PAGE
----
In SecSSE, the factors are represented in a function separate from secsse_ml, and the setup of this function is very similar to secsse_ml, but requires the addition of two parameters, SHAREFACTORS and INITFACTORS.

SHAREFACTORS: these are the identifiers of the factors you want to specify. In the above example, we have two factors, one governing transitions from P->S and one from S->P. Transitions in opposite directions are better not fixed to the same multiplicative factor, so that at least two are needed here. In this case these are specified as follows:

`#shareFactors <- c(.1,.2)`

INITFACTORS: Since these shared factors need initial parameter estimates, just as other transition parameters in the model do, we need to specify these. The initial guesses are best set to 1, so they behave similar to the parameters they are ‘tied’ to, unless we have very good evidence (e.g. from a previous run) that these are bigger or smaller:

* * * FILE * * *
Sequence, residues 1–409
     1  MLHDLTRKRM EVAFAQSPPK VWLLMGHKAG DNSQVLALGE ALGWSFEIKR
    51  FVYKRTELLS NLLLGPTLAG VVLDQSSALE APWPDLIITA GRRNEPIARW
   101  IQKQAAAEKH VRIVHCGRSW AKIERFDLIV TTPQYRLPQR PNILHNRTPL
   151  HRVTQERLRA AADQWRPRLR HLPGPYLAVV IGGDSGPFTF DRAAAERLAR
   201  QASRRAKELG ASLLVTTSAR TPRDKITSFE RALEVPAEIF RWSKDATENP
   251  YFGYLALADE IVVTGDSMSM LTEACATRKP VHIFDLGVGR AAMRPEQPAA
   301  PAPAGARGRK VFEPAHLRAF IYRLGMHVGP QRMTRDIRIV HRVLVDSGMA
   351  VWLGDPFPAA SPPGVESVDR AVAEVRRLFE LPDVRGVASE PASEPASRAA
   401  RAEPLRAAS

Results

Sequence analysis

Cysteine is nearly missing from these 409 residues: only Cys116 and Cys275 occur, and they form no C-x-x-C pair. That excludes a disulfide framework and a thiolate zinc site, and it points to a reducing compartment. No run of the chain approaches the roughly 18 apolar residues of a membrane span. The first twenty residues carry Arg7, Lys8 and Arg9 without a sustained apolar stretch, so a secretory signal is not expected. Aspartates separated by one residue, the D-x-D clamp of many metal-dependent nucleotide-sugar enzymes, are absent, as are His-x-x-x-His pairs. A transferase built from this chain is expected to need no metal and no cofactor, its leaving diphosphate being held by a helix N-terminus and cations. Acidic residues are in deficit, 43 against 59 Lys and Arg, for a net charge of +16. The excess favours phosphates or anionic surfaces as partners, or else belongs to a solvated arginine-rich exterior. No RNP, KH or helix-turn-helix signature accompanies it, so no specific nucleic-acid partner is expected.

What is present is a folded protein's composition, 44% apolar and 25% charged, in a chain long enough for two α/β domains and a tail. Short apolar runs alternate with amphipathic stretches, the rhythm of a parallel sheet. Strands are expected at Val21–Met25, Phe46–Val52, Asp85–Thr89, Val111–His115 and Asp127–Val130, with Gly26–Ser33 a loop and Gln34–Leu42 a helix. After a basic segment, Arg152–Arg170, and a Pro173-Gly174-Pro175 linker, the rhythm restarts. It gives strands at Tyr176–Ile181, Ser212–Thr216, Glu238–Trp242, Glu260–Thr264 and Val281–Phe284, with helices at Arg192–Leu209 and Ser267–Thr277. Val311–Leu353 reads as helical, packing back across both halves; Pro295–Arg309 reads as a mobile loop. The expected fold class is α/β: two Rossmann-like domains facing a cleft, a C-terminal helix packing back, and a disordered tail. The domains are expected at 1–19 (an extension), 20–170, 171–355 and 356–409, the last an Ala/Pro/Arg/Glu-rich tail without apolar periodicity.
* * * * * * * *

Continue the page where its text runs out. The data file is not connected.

`#initFactors <- c(1,1)`

Aside from setting these two parameters, we need to specify in our rate matrix which rate parameters we want to be governed by which factors. Imagine we have a 3-state matrix, where 1 refers to lobed feet, 2 to semi-palmate and 3 to palmate:

```
# diag(masterBlock) <- NA
# masterBlock[1,2] <- 6
# masterBlock[1,3] <- 6.1 #factor 1: lobed to palmate
#
# masterBlock[2,1] <- 7
# masterBlock[2,3] <- 8
#
# masterBlock[3,1] <- 7.2 #factor 2: palmate to lobed
# masterBlock[3,2] <- 9
```

Finally, we run the function secsse_ml_struc instead of secsse_ml, and make sure that both new parameters are included.

`#secsse_ml_struc(phylo_Vign..., shareFactors, initFactors)`